Let me put that into a little perspective. More than 400 communities — about 70 percent of the places with commercial airline service — rely on smaller regional airlines, according to the Regional Airline Association, a trade group. (About one-third of those flights are on turboprops. I’m not going to split hairs here — Either way, we’re talking a small plane.) Roughly 1 in 5 passenger enplanements — that’s trade industry jargon for a person boarding a plane — is on a regional carrier today.

It’s possible you could end up boarding one of the gleaming new regional jets that are, in many respects, nicer than their bigger brothers. JetBlue’s super-comfortable Embraer 190 comes to mind. But on balance, regional jets and the airlines that operate them tend to be pretty dreadful when you run the numbers. For example:

Many flights are chronically late
Of the 10 most delayed flights in America, half were on regional airlines, including No. 1, Mesa flight 7124 from Chicago to Mosinee, Wis. It was late 91 percent of time, with an average delay of 37 minutes. Not to pick on Mesa, but it had three flights in the top ten, including flight 7155 from Chicago to Springfield, Ill., which was delayed an average of 67 minutes. That’s right, it was delayed by more than an hour. On average.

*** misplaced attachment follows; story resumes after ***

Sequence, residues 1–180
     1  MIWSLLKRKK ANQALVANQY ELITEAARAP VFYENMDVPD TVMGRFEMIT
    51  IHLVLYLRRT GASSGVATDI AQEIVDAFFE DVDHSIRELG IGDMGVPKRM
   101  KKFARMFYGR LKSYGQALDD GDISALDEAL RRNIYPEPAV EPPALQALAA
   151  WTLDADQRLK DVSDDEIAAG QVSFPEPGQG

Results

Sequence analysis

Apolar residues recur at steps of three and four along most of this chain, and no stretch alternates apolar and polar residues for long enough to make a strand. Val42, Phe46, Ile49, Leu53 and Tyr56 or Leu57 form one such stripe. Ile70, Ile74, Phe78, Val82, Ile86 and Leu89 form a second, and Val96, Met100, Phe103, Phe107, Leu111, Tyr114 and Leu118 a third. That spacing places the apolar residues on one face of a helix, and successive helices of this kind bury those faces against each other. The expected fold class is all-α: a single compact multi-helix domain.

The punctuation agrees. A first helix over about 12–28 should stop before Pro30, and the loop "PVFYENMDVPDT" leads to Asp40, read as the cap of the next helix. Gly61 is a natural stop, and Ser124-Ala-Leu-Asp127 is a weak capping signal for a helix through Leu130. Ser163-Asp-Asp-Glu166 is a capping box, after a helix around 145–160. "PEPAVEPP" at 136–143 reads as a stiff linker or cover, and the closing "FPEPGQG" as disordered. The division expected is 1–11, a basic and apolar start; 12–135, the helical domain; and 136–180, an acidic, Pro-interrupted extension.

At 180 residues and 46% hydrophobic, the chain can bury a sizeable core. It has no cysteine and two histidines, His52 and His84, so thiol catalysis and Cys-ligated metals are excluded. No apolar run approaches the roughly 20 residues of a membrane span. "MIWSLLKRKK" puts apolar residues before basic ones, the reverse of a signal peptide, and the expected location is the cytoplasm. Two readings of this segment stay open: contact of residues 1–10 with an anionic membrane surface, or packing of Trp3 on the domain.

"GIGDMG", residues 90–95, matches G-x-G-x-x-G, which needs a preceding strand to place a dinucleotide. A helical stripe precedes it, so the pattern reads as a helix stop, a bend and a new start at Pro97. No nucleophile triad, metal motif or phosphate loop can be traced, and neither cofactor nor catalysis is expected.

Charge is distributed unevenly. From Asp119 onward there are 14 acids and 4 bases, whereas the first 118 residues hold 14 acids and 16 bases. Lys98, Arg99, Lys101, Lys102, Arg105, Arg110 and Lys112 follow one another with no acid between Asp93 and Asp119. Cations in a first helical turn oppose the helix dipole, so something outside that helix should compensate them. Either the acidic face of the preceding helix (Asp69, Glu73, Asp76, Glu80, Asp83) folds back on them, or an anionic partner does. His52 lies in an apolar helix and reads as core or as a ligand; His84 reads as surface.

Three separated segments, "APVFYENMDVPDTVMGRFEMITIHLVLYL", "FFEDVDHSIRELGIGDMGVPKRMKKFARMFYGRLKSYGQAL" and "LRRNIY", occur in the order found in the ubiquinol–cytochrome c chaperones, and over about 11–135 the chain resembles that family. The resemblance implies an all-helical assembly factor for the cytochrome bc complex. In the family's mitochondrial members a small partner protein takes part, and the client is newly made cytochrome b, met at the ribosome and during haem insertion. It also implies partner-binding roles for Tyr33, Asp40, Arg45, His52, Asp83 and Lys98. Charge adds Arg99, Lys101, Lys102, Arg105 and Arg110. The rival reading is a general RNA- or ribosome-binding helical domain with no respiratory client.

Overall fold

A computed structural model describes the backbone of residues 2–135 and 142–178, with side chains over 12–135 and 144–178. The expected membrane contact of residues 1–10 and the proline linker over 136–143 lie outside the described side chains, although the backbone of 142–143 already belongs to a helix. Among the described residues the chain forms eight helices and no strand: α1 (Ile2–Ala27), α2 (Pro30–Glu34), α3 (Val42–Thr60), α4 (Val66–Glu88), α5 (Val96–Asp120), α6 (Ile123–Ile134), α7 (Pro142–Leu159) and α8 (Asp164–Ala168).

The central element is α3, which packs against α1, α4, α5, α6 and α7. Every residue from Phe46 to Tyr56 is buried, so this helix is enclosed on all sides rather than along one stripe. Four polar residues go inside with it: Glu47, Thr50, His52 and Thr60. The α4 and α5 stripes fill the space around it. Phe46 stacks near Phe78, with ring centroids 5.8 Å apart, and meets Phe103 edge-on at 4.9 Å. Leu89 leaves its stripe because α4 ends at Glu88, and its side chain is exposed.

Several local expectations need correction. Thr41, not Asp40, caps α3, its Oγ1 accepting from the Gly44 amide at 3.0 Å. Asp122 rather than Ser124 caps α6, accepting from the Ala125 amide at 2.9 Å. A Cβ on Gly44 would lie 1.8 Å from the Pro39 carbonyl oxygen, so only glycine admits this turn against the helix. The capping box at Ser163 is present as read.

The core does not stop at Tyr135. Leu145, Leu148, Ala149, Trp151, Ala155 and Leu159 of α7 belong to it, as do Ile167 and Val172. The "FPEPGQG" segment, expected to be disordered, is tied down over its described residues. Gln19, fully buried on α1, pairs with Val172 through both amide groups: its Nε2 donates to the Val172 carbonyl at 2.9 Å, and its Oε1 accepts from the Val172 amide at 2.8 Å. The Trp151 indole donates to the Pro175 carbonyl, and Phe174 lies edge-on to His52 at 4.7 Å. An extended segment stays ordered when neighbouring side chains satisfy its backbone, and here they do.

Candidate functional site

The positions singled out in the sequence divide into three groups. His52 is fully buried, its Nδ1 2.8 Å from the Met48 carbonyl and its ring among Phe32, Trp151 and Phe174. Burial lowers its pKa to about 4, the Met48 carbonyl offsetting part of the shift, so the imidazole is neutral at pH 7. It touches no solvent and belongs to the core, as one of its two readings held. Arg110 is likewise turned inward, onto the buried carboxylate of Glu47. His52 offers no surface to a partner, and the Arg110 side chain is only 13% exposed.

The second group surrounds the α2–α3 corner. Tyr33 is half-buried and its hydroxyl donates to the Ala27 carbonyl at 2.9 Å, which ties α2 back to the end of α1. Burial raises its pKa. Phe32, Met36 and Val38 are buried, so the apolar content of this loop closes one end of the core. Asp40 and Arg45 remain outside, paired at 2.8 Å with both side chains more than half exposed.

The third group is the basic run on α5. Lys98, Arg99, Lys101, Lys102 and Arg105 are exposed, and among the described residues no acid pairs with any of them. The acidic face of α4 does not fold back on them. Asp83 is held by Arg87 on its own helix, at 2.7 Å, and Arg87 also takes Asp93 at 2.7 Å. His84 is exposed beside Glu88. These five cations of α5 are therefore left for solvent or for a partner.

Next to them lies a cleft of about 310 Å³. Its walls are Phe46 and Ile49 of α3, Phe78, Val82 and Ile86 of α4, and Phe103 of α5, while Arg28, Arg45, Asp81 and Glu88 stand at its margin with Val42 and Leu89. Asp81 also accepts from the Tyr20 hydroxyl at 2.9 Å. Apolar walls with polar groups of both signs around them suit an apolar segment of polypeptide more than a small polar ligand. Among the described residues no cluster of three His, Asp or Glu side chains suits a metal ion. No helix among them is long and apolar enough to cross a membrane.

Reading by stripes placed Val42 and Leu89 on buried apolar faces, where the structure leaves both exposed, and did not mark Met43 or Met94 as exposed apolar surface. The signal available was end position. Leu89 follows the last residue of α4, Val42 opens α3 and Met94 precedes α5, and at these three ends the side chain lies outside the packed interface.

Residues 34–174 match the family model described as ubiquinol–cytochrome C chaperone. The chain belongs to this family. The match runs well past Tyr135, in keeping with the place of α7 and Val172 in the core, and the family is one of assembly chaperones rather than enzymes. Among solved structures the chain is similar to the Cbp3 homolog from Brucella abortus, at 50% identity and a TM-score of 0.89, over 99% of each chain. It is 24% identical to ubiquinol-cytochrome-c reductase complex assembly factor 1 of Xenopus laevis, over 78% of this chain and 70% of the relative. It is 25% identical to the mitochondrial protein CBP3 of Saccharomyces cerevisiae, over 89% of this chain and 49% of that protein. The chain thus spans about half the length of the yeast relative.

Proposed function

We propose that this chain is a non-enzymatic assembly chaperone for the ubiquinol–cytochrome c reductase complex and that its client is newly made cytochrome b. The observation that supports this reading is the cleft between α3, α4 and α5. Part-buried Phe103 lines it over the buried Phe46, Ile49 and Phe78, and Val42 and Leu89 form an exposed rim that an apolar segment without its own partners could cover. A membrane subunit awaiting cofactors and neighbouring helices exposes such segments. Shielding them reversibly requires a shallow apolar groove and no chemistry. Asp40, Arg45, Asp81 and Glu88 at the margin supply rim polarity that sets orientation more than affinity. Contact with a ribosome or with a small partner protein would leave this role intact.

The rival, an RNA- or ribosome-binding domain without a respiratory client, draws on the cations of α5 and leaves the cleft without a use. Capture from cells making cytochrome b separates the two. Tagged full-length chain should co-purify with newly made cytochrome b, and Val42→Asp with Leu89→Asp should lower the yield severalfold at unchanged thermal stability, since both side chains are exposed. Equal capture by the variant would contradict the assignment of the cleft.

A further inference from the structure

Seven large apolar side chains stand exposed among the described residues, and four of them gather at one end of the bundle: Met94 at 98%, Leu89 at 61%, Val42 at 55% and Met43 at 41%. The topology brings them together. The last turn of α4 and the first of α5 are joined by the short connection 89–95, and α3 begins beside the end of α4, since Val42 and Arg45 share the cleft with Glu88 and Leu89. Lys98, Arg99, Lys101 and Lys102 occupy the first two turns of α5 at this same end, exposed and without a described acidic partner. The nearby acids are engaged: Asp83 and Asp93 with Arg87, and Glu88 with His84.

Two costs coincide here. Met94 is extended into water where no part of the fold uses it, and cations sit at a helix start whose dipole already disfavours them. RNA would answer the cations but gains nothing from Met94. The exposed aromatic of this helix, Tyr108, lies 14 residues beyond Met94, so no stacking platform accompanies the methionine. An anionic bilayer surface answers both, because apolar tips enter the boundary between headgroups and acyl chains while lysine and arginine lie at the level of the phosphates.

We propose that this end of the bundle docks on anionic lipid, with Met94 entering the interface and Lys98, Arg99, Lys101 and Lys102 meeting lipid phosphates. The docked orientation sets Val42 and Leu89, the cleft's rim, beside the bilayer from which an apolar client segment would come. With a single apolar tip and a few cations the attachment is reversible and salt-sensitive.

Regional carriers lose more luggage
Regional airlines are bottom-feeders when it comes to luggage. The last Transportation Department report card found all the regionals it tracks round out the bottom of its lost and mishandled luggage list, with Atlantic Southeast coming in dead last with 15.69 lost or mishandled baggage reports per 1,000 passengers for the month of March. The top carrier, Hawaiian Airlines, had just 2.44 reports.

You have fewer rights on smaller aircraft